– Carrie Muskat
The best thing about the eighth inning Saturday night wasn’t that Jeff Samardzija escaped a bases-loaded, none out mess, giving up only one run, but that manager Dale Sveum left the right-hander alone to figure it out. Samardzija struck out seven over eight innings and Darwin Barney smacked a solo home run and a RBI double to lead the Cubs to a 3-2 victory over the Padres at PETCO Park and even the series.
Samardzija scattered seven hits and walked two. He now has totaled 176 innings this year, passing his personal high of 174 1/3 innings set last season, his first as a starter. The right-hander also is closing in on his single-season strikeout high of 180, set last season. He has fanned 175 this year.
His biggest K was his last one. Trailing 3-1, Padres pinch-hitter Mark Kotsay walked to open the eighth and Will Venable singled. Alexi Amarista then delivered what Sveum called “the most perfect bunt” toward third, with the ball just staying fair as catcher Dioner Navarro, third baseman DOnnie Murphy and Samardzija watched it roll. With the bases loaded, Yonder Alonso hit a sacrifice fly. One out later, the runners moved up on a passed ball. Chase Headley was then intentionally walked, but Samardzija struck out Forsythe to end the inning.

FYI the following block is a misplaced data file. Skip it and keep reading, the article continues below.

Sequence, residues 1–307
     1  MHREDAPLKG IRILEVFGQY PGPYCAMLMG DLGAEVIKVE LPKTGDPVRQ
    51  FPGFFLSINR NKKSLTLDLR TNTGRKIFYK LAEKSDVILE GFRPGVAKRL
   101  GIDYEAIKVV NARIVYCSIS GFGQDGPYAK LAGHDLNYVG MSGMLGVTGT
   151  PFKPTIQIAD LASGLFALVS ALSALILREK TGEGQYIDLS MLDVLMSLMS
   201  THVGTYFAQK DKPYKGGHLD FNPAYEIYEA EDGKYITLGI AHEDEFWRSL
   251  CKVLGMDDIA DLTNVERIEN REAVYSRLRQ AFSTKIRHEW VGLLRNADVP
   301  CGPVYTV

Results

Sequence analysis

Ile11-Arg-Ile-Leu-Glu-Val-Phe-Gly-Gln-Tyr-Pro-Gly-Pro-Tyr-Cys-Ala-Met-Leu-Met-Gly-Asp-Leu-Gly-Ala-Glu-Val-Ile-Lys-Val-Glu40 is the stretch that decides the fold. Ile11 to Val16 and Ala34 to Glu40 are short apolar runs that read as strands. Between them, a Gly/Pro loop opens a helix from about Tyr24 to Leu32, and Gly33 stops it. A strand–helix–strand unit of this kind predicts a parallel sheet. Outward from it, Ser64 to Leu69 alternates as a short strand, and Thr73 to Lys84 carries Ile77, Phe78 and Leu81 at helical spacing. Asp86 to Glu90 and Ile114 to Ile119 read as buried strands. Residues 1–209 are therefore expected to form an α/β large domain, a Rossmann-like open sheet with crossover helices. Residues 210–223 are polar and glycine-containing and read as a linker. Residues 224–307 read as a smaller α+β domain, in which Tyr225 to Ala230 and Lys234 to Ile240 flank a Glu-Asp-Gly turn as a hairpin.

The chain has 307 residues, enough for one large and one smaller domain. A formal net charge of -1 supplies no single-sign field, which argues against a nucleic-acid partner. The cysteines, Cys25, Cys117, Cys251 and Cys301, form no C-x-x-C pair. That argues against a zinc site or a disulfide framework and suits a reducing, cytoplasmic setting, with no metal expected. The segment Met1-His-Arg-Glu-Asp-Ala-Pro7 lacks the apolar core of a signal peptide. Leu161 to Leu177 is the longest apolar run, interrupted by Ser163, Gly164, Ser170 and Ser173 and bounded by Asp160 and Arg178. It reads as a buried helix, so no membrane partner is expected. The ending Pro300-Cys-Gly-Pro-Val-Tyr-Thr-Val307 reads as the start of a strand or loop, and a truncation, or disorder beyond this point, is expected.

“That’s why you leave a guy like that in the game,” Sveum said of Samardzija. “Getting strike one for him is huge. When he gets that, those are usually all his good games.”
Neither Sveum nor pitching coach Chris Bosio went to the mound in the eighth to calm Samardzija down. They’ve had to do so a few times this season when he gets in what Sveum calls “gorilla” mode. Was Samardzija surprised Sveum left him in there?
“I wasn’t,” Samardzija said. “Me and Dale might have had a meeting down there in the dugout if he had taken me out. That’s what Dale is all about. Dale’s all about putting confidence in his players. He lets our hitters swing in bunt situations, he lets our pitchers hit.
“There are a lot of under the radar things that he does that puts confidence in the players and he did it for me there, too,” Samardzija said. “He didn’t come out and have a mound visit or anything. As a player, that says a lot. You’re out there understanding this is your inning, your game. You don’t want to waste that or give it back, and you want to say, ‘Hey, I appreciate that and I’m going to do good work for you.’”
Samardzija is one win shy of his career high of nine set last season, when he was shut down early after reaching his innings limit.